Wiebe, Katie Funk. Good times with old times : how to write your memoirs. Scottdale, Pa. ; Kitchener, Ont. : Herald Press, 1979.

Wiebe, Katie Funk. How to Write Your Personal or Family History : (If You Don't Do It, Who Will?). Good Books, 2017. [Ebook]

Wiebe, Katie Funk, editor. Life after 50 : a positive look at aging in the faith community. Newton, Kansas : Faith and Life Press, 1993.

Wiebe, Katie Funk. My emigrant father : Jacob J. Funk, 1896-1986 : a memoir. Winnipeg, Manitoba : Kindred Productions, 2015.

Wiebe, Katie Funk. Older Adults and Faith : Making New Maps. Newton, Kan. : Faith & Life Press, 1995.

Wiebe, Katie Funk. Our lamps were lit : an informal history of the Bethel Deaconess Hospital School of Nursing. Newton, Kan. : Mennonite Press, 1978.

Wiebe, Katie Funk. Prayers of an omega ; facing the transitions of aging. Scottdale, Pa. ; Waterloo, Ont. : Herald Press, 1994.

Wiebe, Katie Funk. Second thoughts. Hillsboro, Kan. : Kindred Press, 1981.

Wiebe, Katie Funk. The storekeeper's daughter : a memoir. Scottdale, Pa. : Herald Press, 1997.

Wiebe, Katie Funk. A strong frailty : the life of Aganeta Janzen Block (1906-2000). Hillsboro, Kansas : Center for Mennonite Brethren Studies, 2014.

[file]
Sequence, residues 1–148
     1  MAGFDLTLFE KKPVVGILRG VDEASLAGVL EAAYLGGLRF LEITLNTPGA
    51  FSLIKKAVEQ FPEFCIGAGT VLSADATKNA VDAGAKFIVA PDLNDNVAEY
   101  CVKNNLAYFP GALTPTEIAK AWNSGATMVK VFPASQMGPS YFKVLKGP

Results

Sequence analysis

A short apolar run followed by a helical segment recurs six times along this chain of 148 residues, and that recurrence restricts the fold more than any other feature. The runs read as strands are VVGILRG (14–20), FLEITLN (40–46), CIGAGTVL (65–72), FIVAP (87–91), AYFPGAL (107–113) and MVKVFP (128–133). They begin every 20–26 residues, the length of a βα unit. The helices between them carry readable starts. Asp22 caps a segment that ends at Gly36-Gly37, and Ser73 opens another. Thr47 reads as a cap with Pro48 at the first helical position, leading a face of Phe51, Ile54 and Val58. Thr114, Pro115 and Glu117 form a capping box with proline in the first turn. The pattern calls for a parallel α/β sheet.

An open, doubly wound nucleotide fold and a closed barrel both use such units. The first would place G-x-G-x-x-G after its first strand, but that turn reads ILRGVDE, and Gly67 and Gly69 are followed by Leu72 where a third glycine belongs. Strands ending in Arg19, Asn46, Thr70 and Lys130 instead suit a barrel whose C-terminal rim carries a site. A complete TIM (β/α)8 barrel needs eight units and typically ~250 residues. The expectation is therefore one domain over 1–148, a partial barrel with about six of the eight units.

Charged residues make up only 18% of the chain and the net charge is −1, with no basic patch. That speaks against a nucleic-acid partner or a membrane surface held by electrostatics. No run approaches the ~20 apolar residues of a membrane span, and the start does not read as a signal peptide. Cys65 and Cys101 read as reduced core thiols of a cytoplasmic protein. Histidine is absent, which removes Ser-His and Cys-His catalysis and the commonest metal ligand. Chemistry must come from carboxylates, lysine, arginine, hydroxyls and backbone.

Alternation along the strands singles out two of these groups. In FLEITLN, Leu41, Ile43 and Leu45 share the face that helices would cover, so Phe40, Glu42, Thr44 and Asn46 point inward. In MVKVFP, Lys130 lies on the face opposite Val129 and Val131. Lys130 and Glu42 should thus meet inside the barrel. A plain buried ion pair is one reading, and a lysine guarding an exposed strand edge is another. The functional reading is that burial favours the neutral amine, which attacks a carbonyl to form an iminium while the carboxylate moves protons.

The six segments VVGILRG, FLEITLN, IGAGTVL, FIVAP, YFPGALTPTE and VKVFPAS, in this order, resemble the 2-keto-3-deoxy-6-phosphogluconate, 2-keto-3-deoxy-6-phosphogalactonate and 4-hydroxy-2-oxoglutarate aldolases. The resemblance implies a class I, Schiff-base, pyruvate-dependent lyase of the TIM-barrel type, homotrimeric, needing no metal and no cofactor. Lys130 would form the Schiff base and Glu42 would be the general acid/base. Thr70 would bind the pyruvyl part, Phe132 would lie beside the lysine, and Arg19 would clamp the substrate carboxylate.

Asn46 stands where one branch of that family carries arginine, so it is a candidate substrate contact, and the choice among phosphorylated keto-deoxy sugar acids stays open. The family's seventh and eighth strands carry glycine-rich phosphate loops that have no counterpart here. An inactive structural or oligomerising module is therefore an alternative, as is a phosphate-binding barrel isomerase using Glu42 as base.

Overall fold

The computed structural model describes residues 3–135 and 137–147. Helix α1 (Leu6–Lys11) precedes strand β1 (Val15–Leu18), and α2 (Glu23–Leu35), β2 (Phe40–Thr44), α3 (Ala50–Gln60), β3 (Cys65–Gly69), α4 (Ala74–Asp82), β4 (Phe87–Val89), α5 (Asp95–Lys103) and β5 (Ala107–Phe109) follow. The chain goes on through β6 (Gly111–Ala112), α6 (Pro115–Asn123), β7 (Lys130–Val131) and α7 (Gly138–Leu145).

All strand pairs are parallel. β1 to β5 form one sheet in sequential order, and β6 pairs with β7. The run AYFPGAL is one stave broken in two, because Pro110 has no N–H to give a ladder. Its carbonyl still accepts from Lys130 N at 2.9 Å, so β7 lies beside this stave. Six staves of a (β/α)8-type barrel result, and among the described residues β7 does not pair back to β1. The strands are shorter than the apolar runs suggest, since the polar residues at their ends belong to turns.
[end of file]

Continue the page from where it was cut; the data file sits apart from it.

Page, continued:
Wiebe, Katie Funk. A study guide for The freedom of forgiveness by David Augsburger. Chicago, Ill. : Moody Press, 1974.

Wiebe, Katie Funk. Who are the Mennonite Brethren? Winnipeg, Man., Canada ; Hillsboro, Kan., USA : Kindred Press, 1984.

Wiebe, Katie Funk, ed. Women among the Brethren : stories of 15 Mennonite Brethren and Krimmer Mennonite Brethren women. Hillsboro, Kan. : Board of Christian Literature of the General Conference of Mennonite Brethren Churches, 1979.

Wiebe, Katie Funk. You never gave me a name : one Mennonite woman's story. Telford, Pa. : DreamSeeker Books ; Scottdale, Pa. : Herald Press, 2009.

Wiebe, Katie Funk, et al., eds. Your daughters shall prophesy : women in ministry in the church. Winnipeg : Kindred Press, 1992.


Author(s) Doug Heidebrecht
Date Published May 2018


Cite This Article

MLA style

Heidebrecht, Doug. "Wiebe, Katie Funk (1924-2016)." Global Anabaptist Mennonite Encyclopedia Online. May 2018. Web. 21 Aug 2018. http://gameo.org/index.php?title=Wiebe,_Katie_Funk_(1924-2016)&oldid=160742.

APA style

Heidebrecht, Doug. (May 2018). Wiebe, Katie Funk (1924-2016). Global Anabaptist Mennonite Encyclopedia Online. Retrieved 21 August 2018, from http://gameo.org/index.php?title=Wiebe,_Katie_Funk_(1924-2016)&oldid=160742.